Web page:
I’ve had people on to me over the past weeks giving out about the prices car-makers publish for their models.
I got a bit of stick too for publishing official prices in the course of news stories and reviews.
The potential buyers couldn’t get a car at the ‘starting-from’ prices which were published.
I checked. Yes. The prices I’d published were correct (shock!) but either dealers didn’t have entry-level models in stock or were waiting on new models at a higher price.
Bluntly, ‘starting-from’ prices don’t exist in the real world for many brands.
In one case a couple, anxious to buy a new Dacia Duster, were told the price of the car was more than €2,500 above what they had read as being the entry-level cost. Needless to say, they are not best pleased and won’t be buying.
The fact is that ‘entry-level’ pricing is a strategy that bears little resemblance to what the vast majority of people will pay. It mostly just gets models into the ballpark when people are browsing online.
The same criticism applies to delivery-related charges, which run to hundreds of euro but are often not mentioned.
Volkswagen, for one, make it clear they charge €750 delivery on most models. So do others, but everybody should, I think. Why? Because such prices do not fully reflect what a car is really going to cost you either.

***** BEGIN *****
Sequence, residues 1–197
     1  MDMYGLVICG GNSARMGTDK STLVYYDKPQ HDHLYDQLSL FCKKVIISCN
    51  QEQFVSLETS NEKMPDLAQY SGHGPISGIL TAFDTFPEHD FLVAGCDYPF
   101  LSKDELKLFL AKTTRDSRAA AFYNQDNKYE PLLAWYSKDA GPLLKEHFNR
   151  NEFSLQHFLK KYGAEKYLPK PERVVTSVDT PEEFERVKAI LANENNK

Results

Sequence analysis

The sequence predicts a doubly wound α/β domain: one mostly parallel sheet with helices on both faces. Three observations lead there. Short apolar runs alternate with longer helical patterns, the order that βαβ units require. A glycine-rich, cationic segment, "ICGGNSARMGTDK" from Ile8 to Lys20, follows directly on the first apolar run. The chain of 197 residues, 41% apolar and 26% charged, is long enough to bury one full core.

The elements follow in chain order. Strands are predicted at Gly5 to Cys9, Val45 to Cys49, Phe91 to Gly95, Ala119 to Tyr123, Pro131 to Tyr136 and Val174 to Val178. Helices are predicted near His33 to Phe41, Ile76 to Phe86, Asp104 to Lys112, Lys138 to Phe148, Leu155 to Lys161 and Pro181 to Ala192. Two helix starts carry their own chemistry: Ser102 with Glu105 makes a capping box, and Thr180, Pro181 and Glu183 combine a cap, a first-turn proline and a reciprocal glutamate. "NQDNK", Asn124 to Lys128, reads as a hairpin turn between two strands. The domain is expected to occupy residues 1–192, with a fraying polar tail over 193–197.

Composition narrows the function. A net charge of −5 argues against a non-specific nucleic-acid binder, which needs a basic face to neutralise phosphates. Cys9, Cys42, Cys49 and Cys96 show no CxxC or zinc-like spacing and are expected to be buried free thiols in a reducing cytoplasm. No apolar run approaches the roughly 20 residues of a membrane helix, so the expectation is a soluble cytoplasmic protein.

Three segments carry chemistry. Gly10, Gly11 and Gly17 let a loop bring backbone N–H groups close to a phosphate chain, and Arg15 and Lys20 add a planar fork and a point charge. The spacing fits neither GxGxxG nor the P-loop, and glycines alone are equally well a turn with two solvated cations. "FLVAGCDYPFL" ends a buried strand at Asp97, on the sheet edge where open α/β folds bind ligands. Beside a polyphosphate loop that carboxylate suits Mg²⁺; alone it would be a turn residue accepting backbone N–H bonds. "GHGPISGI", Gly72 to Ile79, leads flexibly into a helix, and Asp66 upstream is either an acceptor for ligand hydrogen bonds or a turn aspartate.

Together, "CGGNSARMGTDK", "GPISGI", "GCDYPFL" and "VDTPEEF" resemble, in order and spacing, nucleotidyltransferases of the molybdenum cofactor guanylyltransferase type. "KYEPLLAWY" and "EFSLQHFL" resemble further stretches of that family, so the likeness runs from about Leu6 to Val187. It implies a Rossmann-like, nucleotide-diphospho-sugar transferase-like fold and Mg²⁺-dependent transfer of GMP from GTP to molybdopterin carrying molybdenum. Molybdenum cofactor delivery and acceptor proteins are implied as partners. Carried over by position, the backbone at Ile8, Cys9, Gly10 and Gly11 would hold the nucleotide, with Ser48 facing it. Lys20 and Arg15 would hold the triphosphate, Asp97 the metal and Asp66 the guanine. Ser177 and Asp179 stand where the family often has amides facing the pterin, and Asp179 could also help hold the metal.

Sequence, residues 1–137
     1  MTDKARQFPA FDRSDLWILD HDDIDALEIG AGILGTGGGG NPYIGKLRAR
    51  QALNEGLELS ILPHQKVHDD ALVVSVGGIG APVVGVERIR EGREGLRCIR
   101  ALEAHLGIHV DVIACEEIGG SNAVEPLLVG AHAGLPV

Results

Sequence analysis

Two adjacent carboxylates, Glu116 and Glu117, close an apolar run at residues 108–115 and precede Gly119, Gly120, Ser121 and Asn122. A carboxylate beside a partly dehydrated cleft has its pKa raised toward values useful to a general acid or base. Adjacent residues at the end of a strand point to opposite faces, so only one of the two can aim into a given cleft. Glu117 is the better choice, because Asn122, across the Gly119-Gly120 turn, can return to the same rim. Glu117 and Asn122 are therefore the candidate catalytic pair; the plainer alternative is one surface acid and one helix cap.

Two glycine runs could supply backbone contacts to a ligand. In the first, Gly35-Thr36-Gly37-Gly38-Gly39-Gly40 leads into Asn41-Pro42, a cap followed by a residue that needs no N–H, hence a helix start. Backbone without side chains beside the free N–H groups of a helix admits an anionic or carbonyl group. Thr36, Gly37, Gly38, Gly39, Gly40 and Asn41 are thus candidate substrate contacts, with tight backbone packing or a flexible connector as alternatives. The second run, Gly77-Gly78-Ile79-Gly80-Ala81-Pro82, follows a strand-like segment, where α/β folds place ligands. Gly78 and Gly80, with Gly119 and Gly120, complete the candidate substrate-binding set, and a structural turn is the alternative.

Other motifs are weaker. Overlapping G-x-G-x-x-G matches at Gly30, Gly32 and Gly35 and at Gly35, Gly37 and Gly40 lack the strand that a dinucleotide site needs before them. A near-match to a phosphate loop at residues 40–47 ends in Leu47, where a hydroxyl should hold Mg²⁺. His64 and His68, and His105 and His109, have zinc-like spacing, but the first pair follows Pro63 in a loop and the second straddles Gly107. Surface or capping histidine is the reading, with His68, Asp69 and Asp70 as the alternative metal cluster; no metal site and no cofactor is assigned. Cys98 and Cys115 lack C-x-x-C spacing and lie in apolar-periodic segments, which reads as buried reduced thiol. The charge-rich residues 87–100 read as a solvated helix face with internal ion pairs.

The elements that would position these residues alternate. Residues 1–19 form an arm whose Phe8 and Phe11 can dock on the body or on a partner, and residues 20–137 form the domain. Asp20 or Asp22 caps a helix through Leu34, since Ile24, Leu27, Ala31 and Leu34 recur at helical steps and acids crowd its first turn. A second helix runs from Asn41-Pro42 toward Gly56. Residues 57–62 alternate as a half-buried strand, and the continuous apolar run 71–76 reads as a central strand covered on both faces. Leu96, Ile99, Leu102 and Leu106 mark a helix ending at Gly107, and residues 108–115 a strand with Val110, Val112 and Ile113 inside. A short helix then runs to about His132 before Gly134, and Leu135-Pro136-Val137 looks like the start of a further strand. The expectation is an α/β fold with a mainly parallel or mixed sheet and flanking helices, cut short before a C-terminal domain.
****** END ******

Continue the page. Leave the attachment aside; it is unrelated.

That is, of course, if the dealer has an entry-level model to sell. There is strong evidence that people are buying second and third-tier trim levels which cost a good deal more than the much-derided ‘entry level’.
* Let me know of your experience to firstname.lastname@example.org
Skoda is teasing with sketches of the new Octavia. It will mark the fourth generation of the hugely popular family motor – the fourth best-selling car in Ireland. It is expected to arrive here late next year.
Mazda says it will surprise us with an ‘innovative’ diesel engine next year.
That goes against the grain a bit given the massive swing towards electrification.
But Mazda says it will continue to improve both diesel and petrol engines alongside electric and plug-in hybrids.
The brand’s Europe R&D boss Christian Schultze is quoted as saying they are ‘sticking’ with diesel and have a new approach to it.
“We will show you how clean and very efficient diesel engines can be.”